There are so many variables, and so many theoretical possibilities, being discussed in all the posts, that it does not seem as if you have a clear answer for a discreet set of variables, for just one of your trailers.

What compressor are you using, how is it attached to the trailer, and does it have a two-stage regulator such that you can monitor the tank pressure, plus the pressure being sent into the air line going to the trailer?

In addition to the water heater drain plug you heard leaking air, is your work space quiet enough that you could hear other small leaks if any? Are all of your low point drains closed tight? Maybe your air line to the trailer has some small leaks at the fittings/joints?

What maximum air pressures have you have been sending to the trailer, and have you been able to monitor them carefully? For instance, if you are using just a small compressor with no holding tank, and the gauge is small and unreliable, is it possible that you pressurized the trailer's system over 40 PSI, thereby maybe creating small failures in the system which have now become new (and probably hidden) air leaks? [edit -- you said recently 20 PSI was the max. pressure -- are you confident that there were no spikes above this?]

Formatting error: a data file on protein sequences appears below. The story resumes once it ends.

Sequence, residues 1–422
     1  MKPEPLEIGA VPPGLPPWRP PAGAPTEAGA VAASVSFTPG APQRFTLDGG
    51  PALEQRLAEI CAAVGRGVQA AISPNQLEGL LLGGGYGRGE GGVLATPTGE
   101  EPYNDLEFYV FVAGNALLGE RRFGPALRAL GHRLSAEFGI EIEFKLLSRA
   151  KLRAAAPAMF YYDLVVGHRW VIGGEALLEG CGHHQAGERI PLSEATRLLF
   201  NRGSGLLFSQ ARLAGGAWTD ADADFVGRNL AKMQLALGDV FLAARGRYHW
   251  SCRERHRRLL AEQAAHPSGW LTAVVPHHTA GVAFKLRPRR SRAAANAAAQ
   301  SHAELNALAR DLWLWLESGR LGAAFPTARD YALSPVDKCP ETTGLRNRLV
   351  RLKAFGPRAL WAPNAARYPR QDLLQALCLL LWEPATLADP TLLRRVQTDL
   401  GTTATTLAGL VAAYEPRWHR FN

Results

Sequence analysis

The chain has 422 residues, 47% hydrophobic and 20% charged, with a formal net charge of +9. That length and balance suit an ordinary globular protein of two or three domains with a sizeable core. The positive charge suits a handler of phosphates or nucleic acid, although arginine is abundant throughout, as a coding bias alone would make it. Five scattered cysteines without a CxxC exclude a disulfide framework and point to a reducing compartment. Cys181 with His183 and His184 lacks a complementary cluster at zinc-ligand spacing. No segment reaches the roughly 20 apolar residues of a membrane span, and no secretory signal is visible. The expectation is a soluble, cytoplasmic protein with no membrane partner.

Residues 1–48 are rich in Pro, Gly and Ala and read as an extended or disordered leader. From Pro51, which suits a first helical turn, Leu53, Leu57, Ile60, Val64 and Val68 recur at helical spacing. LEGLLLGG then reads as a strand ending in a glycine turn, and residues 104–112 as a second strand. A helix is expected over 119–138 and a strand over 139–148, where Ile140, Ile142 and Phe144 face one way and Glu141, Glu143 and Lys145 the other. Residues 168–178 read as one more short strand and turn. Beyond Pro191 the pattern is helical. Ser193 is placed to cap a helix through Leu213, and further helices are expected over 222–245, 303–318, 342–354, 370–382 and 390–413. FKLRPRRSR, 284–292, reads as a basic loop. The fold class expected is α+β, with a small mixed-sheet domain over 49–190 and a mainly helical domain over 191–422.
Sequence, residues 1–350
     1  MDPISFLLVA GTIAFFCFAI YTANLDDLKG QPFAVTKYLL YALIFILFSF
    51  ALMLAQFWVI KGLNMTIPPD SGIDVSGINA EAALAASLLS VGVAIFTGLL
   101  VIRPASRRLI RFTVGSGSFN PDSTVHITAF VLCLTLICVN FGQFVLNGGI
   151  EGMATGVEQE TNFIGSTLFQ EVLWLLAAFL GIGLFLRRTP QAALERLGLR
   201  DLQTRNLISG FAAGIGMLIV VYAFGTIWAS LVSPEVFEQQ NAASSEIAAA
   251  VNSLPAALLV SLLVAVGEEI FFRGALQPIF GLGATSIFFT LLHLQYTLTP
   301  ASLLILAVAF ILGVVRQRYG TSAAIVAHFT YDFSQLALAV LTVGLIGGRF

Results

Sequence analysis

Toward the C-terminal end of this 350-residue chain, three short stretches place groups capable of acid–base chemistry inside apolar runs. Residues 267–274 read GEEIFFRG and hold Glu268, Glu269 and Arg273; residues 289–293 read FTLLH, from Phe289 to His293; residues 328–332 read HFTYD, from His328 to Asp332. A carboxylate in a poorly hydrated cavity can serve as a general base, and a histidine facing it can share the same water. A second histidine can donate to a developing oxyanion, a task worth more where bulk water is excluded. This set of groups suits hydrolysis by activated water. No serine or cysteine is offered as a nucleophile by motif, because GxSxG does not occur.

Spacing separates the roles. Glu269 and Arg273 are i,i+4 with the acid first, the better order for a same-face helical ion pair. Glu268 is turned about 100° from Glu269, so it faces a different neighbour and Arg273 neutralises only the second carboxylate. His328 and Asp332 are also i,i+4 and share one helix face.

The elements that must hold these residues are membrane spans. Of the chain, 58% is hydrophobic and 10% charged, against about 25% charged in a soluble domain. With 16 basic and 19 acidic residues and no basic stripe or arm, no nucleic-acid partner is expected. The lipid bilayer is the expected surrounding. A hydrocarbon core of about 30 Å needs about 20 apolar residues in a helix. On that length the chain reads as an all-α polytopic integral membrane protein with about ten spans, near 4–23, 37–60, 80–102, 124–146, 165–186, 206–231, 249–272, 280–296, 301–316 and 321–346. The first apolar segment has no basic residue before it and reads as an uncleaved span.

Thanks,

Peter

PS -- If your questions have all been answered, please advise. Thanks

PS2 edit -- ignoring the Coleman Niagara for now . . .
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Old 11-30-2015, 10:17 PM   #22
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My poor Colman Niagara, so neglected now that we have the "Airstream"...my wife bathed my daughter in the kitchen sink of that old beauty. I'm sorry I can't ignore her.
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Old 11-30-2015, 10:18 PM   #23
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I can shut all valves and faucets off , fill the plumbing system with air ,check it a few days later and the pressure will still be there, if it isn't there I want to know where it went....
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Old 12-01-2015, 12:06 AM   #24
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Water system losing air pressure while blowing out for winterization

Well it sounds to me as if the water system is staying fully charged behind the check valve, so the leak must be at the compressor, its associated fittings, or the line between the compressor and the check valve.

That kind of narrows things down a lot.